Gotta Cache 'Em All

TOO MUCH TRAFFIC!!!!

Waaaaaaay back in February we identified overall network bandwidth as a cause of job failures on TBPL. We were pushing too much traffic over our VPN link between Mozilla's datacentre and AWS. Since then we've been working on a few approaches to cope with the increased traffic while at the same time reducing our overall network load. Most recently we've deployed HTTP caches inside each AWS region.

Network traffic from January to August 2014

The answer - cache all the things!

Obligatory XKCD

Caching build artifacts

The primary target for caching was downloads of build/test/symbol packages by test machines from file servers. These packages are generated by the build machines and uploaded to various file servers. The same packages are then downloaded many times by different machines running tests. This was a perfect candidate for caching, since the same files were being requested by many different hosts in a relatively short timespan.

Caching tooltool downloads

Tooltool is a simple system RelEng uses to distribute static assets to build/test machines. While the machines do maintain a local cache of files, the caches are often empty because the machines are newly created in AWS. Having the files in local HTTP caches speeds up transfer times and decreases network load.

Results so far - 50% decrease in bandwidth

Initial deployment was completed on August 8th (end of week 32 of 2014). You can see by the graph above that we've cut our bandwidth by about 50%!

What's next?

There are a few more low hanging fruit for caching. We have internal pypi repositories that could benefit from caches. There's a long tail of other miscellaneous downloads that could be cached as well.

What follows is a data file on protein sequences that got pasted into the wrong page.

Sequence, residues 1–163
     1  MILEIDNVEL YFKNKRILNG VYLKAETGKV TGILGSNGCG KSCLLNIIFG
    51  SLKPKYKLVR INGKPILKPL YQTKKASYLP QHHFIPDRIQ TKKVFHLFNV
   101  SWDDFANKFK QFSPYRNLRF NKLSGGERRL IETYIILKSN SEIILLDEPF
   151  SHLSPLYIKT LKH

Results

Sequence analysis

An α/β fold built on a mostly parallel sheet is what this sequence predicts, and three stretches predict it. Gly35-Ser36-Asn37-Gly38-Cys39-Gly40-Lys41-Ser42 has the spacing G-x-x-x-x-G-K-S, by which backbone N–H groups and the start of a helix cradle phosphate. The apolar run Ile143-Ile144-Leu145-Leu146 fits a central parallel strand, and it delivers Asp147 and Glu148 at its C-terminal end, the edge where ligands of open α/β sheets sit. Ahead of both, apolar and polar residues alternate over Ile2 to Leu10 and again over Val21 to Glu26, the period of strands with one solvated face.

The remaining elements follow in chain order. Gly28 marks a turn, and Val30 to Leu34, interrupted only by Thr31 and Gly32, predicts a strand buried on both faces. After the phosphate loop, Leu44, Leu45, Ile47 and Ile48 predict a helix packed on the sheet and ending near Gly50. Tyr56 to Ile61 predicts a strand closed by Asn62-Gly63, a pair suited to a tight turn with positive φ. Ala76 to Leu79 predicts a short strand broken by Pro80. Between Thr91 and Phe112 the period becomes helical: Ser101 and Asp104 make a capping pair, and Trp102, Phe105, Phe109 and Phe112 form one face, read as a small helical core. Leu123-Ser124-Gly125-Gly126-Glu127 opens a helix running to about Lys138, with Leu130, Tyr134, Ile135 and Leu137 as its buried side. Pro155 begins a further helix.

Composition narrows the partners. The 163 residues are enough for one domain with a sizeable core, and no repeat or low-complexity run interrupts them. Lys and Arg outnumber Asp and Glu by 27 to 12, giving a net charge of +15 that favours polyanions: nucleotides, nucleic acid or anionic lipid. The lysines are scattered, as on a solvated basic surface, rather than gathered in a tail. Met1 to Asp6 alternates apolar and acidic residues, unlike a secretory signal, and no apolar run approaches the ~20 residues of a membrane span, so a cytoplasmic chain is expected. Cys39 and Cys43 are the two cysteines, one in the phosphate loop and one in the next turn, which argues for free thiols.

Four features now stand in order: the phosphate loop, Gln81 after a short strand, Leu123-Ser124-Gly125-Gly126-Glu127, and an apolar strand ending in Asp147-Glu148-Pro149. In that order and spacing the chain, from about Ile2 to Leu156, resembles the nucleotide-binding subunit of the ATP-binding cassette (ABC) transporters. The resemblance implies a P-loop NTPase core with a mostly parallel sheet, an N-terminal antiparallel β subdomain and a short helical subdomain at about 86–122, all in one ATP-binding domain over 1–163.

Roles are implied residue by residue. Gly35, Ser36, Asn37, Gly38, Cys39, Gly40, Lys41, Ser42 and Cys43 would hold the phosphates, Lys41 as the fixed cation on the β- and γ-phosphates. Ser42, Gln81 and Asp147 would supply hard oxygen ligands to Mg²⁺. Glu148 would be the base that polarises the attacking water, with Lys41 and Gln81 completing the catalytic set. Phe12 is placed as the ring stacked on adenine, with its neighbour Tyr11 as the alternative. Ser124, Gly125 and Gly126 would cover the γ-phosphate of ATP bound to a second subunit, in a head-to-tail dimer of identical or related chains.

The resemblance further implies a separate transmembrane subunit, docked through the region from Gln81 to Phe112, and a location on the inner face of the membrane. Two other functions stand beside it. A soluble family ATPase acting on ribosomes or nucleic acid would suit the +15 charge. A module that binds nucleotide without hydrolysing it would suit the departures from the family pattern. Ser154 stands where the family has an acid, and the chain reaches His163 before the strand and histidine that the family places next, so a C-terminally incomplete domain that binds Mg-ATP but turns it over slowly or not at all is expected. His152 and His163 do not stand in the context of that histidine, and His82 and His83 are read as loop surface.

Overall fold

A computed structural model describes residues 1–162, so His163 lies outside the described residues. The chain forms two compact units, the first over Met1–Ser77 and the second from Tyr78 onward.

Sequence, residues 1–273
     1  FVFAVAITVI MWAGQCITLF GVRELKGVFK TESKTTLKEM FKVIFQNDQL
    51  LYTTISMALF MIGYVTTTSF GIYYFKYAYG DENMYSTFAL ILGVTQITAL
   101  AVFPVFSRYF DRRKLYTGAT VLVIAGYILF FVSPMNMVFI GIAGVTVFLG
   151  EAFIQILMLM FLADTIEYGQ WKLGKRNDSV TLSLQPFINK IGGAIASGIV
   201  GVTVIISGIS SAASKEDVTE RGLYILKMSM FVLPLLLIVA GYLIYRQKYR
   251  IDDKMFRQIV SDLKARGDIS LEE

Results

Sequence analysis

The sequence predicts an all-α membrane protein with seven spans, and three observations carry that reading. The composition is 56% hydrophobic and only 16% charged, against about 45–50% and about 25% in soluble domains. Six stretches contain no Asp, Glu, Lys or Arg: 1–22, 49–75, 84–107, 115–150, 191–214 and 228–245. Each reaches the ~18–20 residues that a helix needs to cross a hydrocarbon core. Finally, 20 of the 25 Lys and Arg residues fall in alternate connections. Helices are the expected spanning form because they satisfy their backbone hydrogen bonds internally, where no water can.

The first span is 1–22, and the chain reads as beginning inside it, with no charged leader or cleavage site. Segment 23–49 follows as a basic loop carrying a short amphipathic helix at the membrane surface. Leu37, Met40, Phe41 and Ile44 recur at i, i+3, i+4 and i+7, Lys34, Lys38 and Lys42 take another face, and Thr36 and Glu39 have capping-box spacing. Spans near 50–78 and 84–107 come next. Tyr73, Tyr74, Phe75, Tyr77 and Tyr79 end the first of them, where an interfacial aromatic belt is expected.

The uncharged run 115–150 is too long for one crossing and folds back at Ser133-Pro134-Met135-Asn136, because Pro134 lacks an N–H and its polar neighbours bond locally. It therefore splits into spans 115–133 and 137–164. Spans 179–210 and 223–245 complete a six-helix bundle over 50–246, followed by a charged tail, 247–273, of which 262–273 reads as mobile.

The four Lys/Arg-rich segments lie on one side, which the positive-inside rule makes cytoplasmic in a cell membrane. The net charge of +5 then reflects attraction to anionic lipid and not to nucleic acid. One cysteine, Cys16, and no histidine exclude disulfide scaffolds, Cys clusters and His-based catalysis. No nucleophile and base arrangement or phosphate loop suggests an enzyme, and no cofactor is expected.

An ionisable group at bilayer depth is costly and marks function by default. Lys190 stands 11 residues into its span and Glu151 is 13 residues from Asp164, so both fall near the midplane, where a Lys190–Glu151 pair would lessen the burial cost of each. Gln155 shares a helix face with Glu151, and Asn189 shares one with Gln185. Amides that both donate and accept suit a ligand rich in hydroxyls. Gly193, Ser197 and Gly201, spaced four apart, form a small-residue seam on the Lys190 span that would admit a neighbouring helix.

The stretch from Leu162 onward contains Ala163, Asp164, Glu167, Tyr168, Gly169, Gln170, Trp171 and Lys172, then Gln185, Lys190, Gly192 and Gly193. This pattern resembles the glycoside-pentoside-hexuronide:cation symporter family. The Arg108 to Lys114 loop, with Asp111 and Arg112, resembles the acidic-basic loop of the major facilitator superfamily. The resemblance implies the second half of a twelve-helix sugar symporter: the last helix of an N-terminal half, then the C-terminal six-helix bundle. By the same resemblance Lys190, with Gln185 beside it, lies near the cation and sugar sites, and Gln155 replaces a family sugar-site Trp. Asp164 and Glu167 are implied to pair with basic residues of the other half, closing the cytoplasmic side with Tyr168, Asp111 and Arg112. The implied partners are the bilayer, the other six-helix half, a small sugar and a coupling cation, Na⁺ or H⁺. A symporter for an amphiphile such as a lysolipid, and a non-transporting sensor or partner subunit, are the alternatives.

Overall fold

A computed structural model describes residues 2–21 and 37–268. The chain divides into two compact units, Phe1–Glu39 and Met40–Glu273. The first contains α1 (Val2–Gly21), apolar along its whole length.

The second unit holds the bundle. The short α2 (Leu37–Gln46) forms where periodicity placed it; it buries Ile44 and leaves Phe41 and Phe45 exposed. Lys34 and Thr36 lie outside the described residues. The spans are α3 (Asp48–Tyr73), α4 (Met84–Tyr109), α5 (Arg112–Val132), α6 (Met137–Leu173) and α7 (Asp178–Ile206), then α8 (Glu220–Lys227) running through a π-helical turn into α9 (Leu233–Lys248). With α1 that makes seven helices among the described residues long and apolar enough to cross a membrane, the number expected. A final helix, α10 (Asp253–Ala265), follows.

There are other improvements we can make to reduce bandwidth as well, such as moving uploads from build machines to be outside the VPN tunnel, or perhaps to S3 directly. Additionally, a big source of network traffic is doing signing of various packages (gpg signatures, MAR files, etc.). We're looking at ways to do that more efficiently. I'd love to investigate more efficient ways of compressing or transferring build artifacts overall; there is a ton of duplication between the build and test packages between different platforms and even between different pushes.

I want to know MOAR!

Great! As always, all our work has been tracked in a bug, and worked out in the open. The bug for this project is 1017759. The source code lives in https://github.com/mozilla/build-proxxy/, and we have some basic documentation available on our wiki. If this kind of work excites you, we're hiring!